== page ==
Philip A. Fabrizio, PT, DPT, EdDPhilip Fabrizio, PT, DPT, EdD, associate professor in the Department of Physical Therapy, has participated as a judge for several years. He described his experience this way. “As it has been in the past, the experience was awesome. The students' enthusiasm, attention to detail, passion, and creativity were outstanding! Needless to say, I learned a lot!”

Qian Chen, PhD, assistant professor of physiology and pharmacology in the PCOM Department of Bio-Medical Sciences, reported that she judged five interesting biomedical sciences projects conducted by high school students. Topics included: Can insulin administration without needles be feasible?; a comparison of various face masks; water purification methods; racial differences of pregnant women care during the third trimester; and food allergy knowledge of teenagers who work at restaurants.

Dr. Chen said, “I was so touched by their passion and curiosity in research. Moreover their fresh eyes and scientific interpretation for their data inspired me to look for research ideas from daily life and experience!”

Ariana Daftarian (DO ’23) also enjoyed judging the science fair.  She said, “I was particularly impressed with how organized and well thought out the entire process was in our virtual room – hats off to our well-rehearsed host! She added, “The students were a joy to interact with. I hope to participate next year as well.”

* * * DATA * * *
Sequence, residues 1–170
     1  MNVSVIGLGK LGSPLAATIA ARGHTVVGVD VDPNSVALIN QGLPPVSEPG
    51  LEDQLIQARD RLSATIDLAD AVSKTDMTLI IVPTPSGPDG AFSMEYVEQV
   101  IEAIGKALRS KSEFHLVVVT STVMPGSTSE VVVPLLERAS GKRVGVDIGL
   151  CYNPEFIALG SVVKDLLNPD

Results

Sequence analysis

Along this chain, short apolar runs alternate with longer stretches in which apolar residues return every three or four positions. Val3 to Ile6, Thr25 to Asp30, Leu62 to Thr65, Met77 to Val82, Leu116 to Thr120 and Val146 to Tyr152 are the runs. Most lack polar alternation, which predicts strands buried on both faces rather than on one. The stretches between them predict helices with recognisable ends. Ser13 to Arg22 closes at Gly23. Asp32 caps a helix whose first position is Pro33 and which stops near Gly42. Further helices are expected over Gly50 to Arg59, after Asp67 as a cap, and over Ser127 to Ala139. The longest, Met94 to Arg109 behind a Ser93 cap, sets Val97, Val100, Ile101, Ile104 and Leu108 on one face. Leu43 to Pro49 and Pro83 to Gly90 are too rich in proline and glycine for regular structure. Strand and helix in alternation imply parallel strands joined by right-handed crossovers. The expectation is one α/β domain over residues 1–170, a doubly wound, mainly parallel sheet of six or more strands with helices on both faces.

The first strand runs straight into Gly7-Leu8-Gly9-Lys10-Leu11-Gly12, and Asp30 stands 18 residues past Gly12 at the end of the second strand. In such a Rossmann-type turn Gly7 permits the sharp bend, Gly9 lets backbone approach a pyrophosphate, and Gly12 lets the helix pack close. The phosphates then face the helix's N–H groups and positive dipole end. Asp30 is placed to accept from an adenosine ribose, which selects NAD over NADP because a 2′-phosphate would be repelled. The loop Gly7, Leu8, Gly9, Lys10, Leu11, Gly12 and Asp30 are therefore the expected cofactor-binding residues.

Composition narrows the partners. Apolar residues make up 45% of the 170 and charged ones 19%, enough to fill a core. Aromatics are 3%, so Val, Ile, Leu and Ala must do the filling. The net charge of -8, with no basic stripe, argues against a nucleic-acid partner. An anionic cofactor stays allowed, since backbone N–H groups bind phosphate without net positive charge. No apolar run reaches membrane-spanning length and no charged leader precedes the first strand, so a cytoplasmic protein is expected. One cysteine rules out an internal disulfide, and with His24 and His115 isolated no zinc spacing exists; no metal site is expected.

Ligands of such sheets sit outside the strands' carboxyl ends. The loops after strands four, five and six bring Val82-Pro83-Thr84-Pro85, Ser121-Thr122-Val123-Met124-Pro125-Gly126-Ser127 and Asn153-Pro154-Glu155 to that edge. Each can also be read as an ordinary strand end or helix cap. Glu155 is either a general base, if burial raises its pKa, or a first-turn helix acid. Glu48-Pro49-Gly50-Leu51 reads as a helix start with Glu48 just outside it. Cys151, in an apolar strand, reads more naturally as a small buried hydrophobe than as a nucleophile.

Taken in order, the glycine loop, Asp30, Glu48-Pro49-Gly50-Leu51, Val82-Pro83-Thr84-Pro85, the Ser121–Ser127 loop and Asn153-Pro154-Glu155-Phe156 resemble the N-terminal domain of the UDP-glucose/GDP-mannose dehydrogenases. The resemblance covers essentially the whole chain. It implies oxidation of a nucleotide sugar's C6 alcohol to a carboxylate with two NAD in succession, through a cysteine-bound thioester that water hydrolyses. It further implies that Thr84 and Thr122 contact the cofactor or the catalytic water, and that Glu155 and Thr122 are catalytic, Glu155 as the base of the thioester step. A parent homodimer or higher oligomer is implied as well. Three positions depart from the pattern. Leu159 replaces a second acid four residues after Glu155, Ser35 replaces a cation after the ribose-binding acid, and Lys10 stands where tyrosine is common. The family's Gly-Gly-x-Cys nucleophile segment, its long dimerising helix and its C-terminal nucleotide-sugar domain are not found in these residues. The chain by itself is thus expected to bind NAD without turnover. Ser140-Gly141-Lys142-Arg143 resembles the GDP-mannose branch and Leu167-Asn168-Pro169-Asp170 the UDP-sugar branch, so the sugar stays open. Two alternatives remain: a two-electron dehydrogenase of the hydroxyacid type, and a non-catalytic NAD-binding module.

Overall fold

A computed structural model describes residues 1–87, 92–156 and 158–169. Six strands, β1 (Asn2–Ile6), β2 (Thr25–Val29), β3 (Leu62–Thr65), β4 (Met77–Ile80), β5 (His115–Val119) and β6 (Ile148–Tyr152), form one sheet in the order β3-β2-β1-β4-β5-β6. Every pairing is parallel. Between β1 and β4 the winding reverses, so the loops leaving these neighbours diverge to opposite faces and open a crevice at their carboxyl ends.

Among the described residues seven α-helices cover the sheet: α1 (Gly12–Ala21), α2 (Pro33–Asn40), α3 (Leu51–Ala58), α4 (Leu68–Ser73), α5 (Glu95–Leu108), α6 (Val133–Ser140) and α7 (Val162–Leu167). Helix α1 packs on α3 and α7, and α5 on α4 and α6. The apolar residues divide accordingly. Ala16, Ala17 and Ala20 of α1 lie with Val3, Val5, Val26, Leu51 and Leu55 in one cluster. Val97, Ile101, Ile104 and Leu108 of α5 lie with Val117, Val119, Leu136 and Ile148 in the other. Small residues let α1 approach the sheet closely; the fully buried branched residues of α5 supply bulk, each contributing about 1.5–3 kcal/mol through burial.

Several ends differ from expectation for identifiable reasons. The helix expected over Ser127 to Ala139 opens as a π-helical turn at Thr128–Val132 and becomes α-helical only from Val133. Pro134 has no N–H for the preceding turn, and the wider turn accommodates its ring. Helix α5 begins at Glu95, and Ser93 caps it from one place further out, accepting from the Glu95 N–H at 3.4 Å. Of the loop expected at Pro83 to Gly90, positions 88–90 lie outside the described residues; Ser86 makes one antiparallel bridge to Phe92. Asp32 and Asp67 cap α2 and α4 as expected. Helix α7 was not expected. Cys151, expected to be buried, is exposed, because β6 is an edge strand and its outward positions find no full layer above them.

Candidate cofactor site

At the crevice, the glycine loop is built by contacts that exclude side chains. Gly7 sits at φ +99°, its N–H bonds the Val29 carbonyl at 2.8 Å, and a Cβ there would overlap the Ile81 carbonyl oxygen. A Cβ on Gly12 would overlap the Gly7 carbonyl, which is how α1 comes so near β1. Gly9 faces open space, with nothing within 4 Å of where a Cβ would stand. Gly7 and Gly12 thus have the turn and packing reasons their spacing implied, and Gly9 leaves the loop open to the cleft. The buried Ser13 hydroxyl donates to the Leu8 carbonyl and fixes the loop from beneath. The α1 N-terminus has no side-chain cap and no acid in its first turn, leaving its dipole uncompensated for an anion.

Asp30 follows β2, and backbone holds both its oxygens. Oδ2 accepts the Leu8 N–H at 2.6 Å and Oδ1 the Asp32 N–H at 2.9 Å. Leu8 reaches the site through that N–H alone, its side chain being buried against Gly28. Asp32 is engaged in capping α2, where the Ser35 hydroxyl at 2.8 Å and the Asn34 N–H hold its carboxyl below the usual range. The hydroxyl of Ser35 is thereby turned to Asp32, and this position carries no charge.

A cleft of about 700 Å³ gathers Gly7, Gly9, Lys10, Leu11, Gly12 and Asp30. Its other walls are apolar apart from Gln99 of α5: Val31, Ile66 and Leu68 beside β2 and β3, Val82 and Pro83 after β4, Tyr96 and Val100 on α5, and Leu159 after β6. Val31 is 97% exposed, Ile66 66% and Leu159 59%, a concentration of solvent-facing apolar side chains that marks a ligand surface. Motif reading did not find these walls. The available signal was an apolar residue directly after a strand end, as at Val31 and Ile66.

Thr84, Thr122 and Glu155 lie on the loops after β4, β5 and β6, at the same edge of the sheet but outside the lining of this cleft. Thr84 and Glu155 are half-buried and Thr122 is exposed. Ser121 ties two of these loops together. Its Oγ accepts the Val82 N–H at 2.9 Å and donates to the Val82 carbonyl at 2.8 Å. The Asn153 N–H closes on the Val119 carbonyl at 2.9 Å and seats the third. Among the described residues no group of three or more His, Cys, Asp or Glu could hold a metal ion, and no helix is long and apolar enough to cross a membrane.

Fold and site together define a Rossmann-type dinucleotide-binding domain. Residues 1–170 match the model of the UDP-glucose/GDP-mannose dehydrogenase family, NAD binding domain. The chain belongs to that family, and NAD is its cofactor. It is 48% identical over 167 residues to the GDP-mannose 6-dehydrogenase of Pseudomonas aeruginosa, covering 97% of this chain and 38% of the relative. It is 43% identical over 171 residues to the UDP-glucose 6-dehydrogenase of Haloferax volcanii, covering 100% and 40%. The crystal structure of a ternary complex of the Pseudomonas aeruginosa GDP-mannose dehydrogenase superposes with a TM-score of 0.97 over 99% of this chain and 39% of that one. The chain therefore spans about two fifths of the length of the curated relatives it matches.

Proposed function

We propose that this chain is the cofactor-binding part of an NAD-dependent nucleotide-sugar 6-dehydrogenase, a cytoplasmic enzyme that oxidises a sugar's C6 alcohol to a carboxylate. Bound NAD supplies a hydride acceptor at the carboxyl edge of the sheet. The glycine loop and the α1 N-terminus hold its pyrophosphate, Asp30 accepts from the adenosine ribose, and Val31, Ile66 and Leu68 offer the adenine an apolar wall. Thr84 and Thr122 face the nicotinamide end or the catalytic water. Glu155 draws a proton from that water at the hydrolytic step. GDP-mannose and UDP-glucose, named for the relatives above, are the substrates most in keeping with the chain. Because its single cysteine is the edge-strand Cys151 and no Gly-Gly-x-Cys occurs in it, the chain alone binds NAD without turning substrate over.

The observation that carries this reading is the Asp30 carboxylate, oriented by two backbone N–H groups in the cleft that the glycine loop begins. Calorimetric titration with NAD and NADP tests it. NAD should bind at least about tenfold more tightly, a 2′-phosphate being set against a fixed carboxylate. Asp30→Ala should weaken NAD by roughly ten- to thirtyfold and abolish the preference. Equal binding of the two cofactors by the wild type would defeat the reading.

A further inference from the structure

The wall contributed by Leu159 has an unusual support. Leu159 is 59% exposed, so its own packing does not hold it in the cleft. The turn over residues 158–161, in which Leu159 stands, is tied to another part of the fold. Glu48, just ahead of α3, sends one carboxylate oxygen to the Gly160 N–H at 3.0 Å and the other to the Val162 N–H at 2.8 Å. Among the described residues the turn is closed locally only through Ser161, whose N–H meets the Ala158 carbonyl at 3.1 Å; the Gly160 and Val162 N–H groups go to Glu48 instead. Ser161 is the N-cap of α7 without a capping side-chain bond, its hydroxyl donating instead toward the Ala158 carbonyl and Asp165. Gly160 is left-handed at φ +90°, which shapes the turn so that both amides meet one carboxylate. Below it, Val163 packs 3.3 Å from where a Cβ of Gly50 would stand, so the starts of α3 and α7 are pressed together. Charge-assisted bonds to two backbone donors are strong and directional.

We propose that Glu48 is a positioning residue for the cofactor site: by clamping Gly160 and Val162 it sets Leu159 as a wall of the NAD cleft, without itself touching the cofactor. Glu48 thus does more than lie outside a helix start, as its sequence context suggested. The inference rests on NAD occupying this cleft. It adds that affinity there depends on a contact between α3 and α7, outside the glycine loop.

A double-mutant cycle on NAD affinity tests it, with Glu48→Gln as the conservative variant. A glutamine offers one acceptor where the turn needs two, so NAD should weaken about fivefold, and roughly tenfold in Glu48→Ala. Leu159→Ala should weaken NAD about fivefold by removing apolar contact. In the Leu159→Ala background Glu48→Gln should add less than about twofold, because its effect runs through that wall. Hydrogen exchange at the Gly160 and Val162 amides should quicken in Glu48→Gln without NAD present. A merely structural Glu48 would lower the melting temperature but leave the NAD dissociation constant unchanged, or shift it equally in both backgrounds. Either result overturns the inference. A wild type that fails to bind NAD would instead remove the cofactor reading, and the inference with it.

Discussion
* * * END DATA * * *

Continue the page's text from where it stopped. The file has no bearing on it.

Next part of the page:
Assistant to the PCOM Georgia Chief Campus Officer, Colleen Heer, judged projects ranging from developing algorithms/coding for a prototype drone for wild fire training to creating a prototype combining a PEP device and incentive spirometer for cystic fibrosis patients to the creation of a leg prosthesis prototype for a horse with ‘stable legs’ using 3D modeling.

She reported that being part of a three-judge group allowed the student presenters to have enough time to interact with the judges, “and there was ample time for each judge to ask questions and, believe me, we did!”

She said, “Most impressive was that the middle school students were just as good as the high school students and, in some cases, better prepared. Not only were these particular students comfortable presenting, they were well prepared as they answered any questions without hesitation. Their presentations were well-structured with good grammar, data, images and, in one case, short video clips.”

Heer said she “learned new things,” while having fun. “I highly recommend others try judging as well next year.”

You May Also Like:

  • Danny Martinez (DO '22): May His Light Forever Shine
  • First Patients Teach Students Intricacies of Human Body
  • Class of 2024 Celebrates Halfway Mark with Pinning Ceremony
  • About PCOM Georgia

    Established in 2005, PCOM Georgia is a private, not-for-profit, accredited institute of higher education dedicated to the healthcare professions. The Suwanee, Georgia, campus is affiliated with Philadelphia College of Osteopathic Medicine, a premier osteopathic medical school with a storied history. PCOM Georgia offers doctoral degrees in osteopathic medicine, pharmacy, and physical therapy and graduate degrees in biomedical sciences, medical laboratory science, and physician assistant studies. Emphasizing "a whole person approach to care," PCOM Georgia focuses on educational excellence, interprofessional education and service to the wider community. The campus is also home to the Georgia Osteopathic Care Center, an osteopathic manipulative medicine clinic, which is open to the public by appointment. For more information, visit pcom.edu/georgia or call 678-225-7500.

    For more information, contact:
    Barbara Myers
    Senior Public Relations Manager
    Email: BarbaraMy@pcom.edu
    Office: 678-225-7532 | Cell: 770-309-0613

    Connect with PCOM Georgia

    X